import ABAC ctxt = ABAC.Context() a = ABAC.ID("A", 24 * 3600 * 365 * 20) b = ABAC.ID("B", 24 * 3600 * 365 * 20) c = ABAC.ID("C", 24 * 3600 * 365 * 20) attr = ABAC.Attribute(a, "friendly_admin", 24 * 3600 * 365 * 20) attr.role(a.keyid(), "friendly") attr.role(a.keyid(), "admin") attr.bake() ctxt.load_id_chunk(a.cert_chunk()) ctxt.load_attribute_chunk(attr.cert_chunk()) attr = ABAC.Attribute(a, "friendly", 24 * 3600 * 365 * 20) attr.principal(b.keyid()) attr.bake() ctxt.load_attribute_chunk(attr.cert_chunk()) attr = ABAC.Attribute(a, "admin", 24 * 3600 * 365 * 20) attr.principal(b.keyid()) attr.bake() ctxt.load_attribute_chunk(attr.cert_chunk()) attr = ABAC.Attribute(a, "admin", 24 * 3600 * 365 * 20) attr.principal(c.keyid()) attr.bake() ctxt.load_attribute_chunk(attr.cert_chunk())
Asking the question is done using ctxt.query(). The following asks if b is an A.friendly_admin:
# Same code as above to initialize the ids and load the context ok, proof = ctxt.query(a.keyid() + ".friendly_admin", b.keyid())
The first parameter to Context.query is the attribute of interest and the second is the keyid of an identity. A tuple is returned holding (success, proof) where success is true if the identity has the attribute and proof is a list of abac statements that make up the proof.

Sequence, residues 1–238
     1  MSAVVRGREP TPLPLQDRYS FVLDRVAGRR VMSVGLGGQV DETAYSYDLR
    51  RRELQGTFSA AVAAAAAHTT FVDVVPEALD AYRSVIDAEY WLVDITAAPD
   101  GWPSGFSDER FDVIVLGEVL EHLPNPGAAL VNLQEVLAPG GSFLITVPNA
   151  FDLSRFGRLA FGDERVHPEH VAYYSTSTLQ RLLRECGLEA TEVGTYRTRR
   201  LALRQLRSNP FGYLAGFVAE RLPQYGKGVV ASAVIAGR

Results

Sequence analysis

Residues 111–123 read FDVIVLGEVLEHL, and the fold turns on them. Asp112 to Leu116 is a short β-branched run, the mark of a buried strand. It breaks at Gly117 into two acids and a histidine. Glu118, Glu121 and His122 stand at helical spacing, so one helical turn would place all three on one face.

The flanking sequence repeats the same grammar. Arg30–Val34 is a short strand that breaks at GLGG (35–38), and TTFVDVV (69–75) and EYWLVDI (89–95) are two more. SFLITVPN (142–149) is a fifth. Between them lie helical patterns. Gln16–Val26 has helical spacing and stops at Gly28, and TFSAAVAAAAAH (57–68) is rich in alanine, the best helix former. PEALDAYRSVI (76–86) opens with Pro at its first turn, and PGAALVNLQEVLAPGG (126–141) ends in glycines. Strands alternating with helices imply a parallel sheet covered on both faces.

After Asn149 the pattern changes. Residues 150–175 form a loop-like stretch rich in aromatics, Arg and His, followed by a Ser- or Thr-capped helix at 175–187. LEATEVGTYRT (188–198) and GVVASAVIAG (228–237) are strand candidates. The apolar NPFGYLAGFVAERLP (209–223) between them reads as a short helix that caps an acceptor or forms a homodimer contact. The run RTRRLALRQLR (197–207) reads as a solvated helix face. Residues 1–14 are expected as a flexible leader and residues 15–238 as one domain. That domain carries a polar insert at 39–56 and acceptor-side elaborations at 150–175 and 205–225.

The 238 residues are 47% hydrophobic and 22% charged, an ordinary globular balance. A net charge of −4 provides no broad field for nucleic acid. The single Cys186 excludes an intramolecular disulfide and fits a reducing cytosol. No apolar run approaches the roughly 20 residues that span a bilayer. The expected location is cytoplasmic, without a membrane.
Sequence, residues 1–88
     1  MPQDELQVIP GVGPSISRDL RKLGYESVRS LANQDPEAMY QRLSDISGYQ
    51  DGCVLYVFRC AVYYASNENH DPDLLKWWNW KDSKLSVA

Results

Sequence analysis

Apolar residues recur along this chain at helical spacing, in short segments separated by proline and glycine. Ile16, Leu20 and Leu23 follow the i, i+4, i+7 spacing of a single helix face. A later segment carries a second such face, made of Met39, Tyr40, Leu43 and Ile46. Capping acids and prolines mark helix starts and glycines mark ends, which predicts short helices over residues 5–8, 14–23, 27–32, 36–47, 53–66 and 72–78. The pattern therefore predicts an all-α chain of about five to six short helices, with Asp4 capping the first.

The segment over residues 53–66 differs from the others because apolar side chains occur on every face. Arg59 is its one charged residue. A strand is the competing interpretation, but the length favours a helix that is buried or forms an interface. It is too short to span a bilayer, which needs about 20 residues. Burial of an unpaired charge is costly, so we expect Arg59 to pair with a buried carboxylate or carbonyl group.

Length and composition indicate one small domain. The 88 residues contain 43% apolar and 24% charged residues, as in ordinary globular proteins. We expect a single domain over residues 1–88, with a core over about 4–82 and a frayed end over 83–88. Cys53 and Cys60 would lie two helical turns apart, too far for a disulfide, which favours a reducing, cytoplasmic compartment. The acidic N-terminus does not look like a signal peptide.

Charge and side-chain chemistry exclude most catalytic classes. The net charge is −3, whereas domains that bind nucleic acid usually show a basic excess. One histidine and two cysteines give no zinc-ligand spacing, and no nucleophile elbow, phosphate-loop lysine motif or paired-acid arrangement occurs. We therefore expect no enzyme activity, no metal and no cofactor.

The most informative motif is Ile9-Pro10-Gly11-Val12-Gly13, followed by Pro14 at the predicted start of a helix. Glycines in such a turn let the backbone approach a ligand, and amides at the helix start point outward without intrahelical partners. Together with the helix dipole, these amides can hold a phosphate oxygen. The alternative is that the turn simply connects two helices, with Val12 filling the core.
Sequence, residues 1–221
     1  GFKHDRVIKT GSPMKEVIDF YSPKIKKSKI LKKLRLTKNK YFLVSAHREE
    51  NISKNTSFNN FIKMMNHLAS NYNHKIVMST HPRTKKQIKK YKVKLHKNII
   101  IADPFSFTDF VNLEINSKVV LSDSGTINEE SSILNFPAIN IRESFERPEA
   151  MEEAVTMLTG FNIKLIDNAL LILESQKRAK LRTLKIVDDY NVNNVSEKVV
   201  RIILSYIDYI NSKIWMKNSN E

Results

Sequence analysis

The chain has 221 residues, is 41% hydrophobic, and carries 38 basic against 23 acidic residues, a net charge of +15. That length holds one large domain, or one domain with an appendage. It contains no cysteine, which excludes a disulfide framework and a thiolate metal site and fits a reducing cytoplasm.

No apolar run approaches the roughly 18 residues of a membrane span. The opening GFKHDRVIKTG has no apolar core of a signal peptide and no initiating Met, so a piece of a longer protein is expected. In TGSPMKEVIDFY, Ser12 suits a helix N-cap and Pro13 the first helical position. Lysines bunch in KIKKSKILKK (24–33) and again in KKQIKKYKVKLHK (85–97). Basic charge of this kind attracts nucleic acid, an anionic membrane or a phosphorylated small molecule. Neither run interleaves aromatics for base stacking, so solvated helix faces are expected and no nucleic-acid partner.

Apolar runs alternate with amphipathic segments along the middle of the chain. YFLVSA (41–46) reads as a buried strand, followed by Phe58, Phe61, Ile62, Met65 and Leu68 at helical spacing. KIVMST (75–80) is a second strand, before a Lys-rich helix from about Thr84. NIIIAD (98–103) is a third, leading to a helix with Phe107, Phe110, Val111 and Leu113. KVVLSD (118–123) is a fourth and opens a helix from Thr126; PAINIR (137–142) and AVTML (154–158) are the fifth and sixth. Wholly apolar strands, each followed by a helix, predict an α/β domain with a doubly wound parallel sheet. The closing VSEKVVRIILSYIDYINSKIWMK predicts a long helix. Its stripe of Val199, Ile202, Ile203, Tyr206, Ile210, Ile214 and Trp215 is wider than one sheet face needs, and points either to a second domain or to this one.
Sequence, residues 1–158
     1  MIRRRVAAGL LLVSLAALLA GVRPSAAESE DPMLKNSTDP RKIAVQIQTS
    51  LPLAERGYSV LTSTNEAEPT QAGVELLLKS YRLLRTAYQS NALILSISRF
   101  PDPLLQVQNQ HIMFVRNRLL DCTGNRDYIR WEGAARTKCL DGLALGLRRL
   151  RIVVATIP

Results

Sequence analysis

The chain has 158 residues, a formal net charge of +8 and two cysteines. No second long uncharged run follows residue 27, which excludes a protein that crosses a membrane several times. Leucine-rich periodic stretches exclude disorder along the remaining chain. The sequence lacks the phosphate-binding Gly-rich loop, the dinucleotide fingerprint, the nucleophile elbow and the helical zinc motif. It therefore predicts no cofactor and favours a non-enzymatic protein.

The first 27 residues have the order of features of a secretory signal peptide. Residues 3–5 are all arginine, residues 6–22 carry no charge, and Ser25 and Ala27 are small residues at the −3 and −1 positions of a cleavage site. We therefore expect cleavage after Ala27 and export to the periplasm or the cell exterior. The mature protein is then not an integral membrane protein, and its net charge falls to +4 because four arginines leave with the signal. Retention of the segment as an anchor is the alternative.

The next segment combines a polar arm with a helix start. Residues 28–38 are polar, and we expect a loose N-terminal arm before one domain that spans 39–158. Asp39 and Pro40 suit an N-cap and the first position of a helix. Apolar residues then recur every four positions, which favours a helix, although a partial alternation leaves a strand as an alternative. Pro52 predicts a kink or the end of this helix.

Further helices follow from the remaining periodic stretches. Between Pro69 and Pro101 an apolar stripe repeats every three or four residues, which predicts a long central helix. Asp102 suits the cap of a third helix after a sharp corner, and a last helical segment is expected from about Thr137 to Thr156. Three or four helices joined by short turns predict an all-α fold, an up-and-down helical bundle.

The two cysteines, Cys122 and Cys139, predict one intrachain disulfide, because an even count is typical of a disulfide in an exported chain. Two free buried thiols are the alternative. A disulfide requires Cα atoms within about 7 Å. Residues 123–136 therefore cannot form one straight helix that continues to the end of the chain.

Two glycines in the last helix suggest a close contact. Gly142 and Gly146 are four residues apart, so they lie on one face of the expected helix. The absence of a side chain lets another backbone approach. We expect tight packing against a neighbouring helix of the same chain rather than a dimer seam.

Credentials and Roles
Credentials are the abstraction of ABAC statements and Roles are the abstraction of the terms of an ABAC statement. A Credential is made up of two Roles, a head and a tail that make the two sides of the ABAC statement. There are a set of accessors to parse the contents of a role, described in the API docs, and roles are primarily of interest in printing and exploring the proof.
Credentials are useful in communicating proof contents outside the program. In addition to head and tail accessors that access the Roles, a Credential has a attribute_cert() method that returns the exportable content of the assertion and an issuer_cert() that returns the issuer's X.509 certificate (sans private key). These outputs are chunks, useful for writing to files or importing into other contexts. The following code prints the proof of our earlier successful question and saves it to files. This is not exemplary python file handling, but the point is to see the accessors:
import sys # Same code as above to initialize the ids and load the context ok, proof = ctxt.query(a.keyid() + ".friendly_admin", b.keyid()) if not ok: sys.exit(1) for i, c in enumerate(proof): print "%s <- %s" % (c.head().string(), c.tail().string()) open("./id%d.pem" % i, "w").write(c.issuer_cert()) open("./attr%d.xml" % i, "w").write(c.attribute_cert())
There are new features being worked on in the git repository.